The Destruction of Statues and History

Saddam Hussein Statue

History is written by the victors. We need to learn what the vanquished might have done, had they prevailed.

We still remember the statue of Saddam Hussein as it teetered, tipped and crashed to the ground amidst great jubilation. This was in 2003 and was supposed to celebrate Iraq’s liberation by American forces. It did not quite turn out that way…but the statue is gone.

In Ukraine, after President Yanukovich was defeated in 2015 and fled to Russia, the Ukrainians got busy removing 1,329 statues of Lenin, arm extended toward a glorious proletarian future. They wanted to be rid of all Soviet symbols. Even so, many such statues are still alive and well in Eastern Ukraine.

Lenin Statue

 

Another controversy erupted over the statue of Felix Dzerzhinsky in Lubyanka Square in Moscow. Dzherzhinsky was the founder of the KGB.  The monument was removed and restored several times, and a replica of the statue now resides in the city of Minsk in Belarus.

 

Dzherzhinsky Deconstructed

After the fall of the Soviet Union, a big housecleaning of communist life and art occurred. Fortunately for historians, the Moscow Metro underground system escaped this purge and remains intact. The stations are lavishly decorated with murals of historical events statues, bas reliefs and Communist-era paintings. It is a huge underground museum.

There was no such housecleaning in China. There the ubiquitous statues of Mao are still standing in their original places.

In Budapest, Hungary the government built a shrine called Memento Park in which reside 40 statues from the time when the country was a Soviet satellite. Similarly, when Lithuania was liberated from the Soviet Bloc and regained its independence in 1991, it opened Gruntas Park to house hundreds of sculptures of Soviet leaders. The Park was made to resemble a Russian Prison with guard towers to represent oppression.

In France, Marechal Petain was the great hero of Verdun during World War I. And then in a stunning about face he became the leader of the Vichy-Occupied French Government after the fall of France during World War II. The hero turned into a traitor. After liberation of France from the Nazis, all the streets named for him acquired new names. Petain was lucky to avoid being shot like his prime minister, Pierre Laval.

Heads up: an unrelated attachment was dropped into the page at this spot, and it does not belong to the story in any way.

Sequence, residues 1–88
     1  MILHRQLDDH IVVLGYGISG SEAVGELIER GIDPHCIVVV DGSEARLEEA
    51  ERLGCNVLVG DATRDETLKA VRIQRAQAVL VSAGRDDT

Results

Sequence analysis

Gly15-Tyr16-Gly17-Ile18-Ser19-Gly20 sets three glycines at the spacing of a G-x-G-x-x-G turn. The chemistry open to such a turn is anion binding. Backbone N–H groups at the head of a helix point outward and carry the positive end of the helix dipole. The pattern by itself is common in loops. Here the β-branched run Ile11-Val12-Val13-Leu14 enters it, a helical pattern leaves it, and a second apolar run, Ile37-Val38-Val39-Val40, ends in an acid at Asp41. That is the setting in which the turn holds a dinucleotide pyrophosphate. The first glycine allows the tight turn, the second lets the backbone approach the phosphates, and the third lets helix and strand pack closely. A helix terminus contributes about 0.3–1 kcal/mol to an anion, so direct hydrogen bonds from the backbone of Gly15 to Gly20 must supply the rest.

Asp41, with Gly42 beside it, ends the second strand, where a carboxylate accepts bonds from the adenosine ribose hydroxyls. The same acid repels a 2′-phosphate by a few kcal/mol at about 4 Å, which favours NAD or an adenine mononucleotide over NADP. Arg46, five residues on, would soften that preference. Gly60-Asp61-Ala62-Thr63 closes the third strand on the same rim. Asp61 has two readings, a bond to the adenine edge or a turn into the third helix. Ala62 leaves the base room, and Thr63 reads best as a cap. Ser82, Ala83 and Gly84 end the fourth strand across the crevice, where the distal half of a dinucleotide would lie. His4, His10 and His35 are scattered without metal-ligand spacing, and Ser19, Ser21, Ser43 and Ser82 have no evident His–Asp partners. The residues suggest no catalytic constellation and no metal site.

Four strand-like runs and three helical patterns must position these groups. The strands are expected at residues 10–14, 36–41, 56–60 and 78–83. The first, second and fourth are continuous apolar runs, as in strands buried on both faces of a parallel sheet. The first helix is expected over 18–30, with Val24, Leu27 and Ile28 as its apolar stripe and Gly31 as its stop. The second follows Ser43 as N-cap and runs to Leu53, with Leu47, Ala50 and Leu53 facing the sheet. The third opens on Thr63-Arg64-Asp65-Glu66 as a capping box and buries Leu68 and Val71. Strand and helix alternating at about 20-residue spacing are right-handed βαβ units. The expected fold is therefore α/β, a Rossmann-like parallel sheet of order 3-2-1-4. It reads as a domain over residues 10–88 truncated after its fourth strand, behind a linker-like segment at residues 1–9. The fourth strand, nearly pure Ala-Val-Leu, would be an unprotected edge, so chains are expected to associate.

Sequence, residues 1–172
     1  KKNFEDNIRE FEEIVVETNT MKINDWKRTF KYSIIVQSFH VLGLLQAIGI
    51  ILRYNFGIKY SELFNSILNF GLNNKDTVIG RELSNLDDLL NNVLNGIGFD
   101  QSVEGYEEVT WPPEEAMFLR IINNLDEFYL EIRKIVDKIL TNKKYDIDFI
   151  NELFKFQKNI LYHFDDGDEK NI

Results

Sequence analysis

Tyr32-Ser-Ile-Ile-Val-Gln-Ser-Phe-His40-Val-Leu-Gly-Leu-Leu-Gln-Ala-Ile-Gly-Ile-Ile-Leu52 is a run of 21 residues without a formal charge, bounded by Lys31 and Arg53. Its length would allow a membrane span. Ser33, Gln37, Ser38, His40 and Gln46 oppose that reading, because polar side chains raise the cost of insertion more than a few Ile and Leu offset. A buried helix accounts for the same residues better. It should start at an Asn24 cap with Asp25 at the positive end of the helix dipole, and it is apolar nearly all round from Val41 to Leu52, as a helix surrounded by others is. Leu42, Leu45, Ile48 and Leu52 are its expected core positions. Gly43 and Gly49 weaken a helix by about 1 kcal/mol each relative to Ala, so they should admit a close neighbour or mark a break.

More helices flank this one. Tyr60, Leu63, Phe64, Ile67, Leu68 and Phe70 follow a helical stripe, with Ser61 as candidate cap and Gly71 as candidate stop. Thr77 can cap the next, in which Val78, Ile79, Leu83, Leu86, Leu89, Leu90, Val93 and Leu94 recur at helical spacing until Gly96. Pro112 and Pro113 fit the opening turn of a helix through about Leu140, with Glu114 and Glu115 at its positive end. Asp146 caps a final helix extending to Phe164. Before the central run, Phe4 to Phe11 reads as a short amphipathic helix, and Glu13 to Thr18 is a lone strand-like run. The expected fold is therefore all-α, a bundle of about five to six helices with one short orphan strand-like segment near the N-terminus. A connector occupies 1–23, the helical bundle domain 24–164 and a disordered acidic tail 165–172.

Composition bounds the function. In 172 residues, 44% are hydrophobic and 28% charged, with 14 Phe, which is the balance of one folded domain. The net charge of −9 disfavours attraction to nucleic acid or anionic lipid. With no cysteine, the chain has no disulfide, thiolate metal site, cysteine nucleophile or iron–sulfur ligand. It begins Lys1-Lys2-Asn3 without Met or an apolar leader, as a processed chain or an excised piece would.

And so to the United States, where we now have our own controversy over Confederate leaders’ statues.In Charlottesville, Virginia, violence erupted over plans to topple monuments to Confederate generals. In Austin, Texas, Robert E Lee’s statue was taken down. Similar battles are occurring in Gainesville, Florida and in Birmingham, Alabama where the mayor hid a confederate monument. And Tennessee is preparing to topple a monument to Nathan Bedford, one of the founders of the Ku Klux Klan.

 

Hidden In Alabama

Should we remove statues of hateful leaders and those that remind us of offensive events? Perhaps we should, but following the example of other countries, we could create spaces, museums, gardens where these pieces of our history could be gathered, housed and displayed along with information about their times and activities so they could be seen in their proper context. School children could visit to expand their understanding of our common history.

 

From the Editor: My esteemed author will appreciate and be inspired by any comments you would like to make. Please see the space for this below.

 

3 comments

  1. Dear Simone:
    What an excellent take on a controversial situation. It seems people must be continually reminded, “Those who don’t learn from History are condemned to repeat it”! I applaud you constructive suggestion that such statues (and information related to them) be gathered in a place where we would all recognize that we are not glorifying or honoring bad things that were done, but we are recording history that actually occurred, and without a rewrite!
    Ray

  2. We have to learn from the past, obviously.
    Removing a statue, or any king of public display, and the political gain or loss that go with the removal, is an interesting issue.
    A sensible one also would be to clearly understand why they have been installed in the first place, and with what expected/actual impact on communities by the powers that were.
    Removing them in theme parks or institutions devoted to pedagogie and public awareness seems a useful solution, with as neutral narrative as possible, also to defuse anger from those who see their message as important.
    Maybe to leave a board or a sign on the spot where the statue was displayed, then removed, would also be useful to raise awareness, or even understanding, of the removed symbol and the context it was refering to.

  3. Fascinating…I never thought about the history of statue removal in other countries. Of course, the Romans did it all the time, as emperors rose and fell from power. Part of how we date their tenure is when their faces begin to appear on coins, and when they vanish. It’s also part of how we track trade, where the coins made it to and where we find them. Thanks for sharing!

Leave a Reply

Your email address will not be published. Required fields are marked *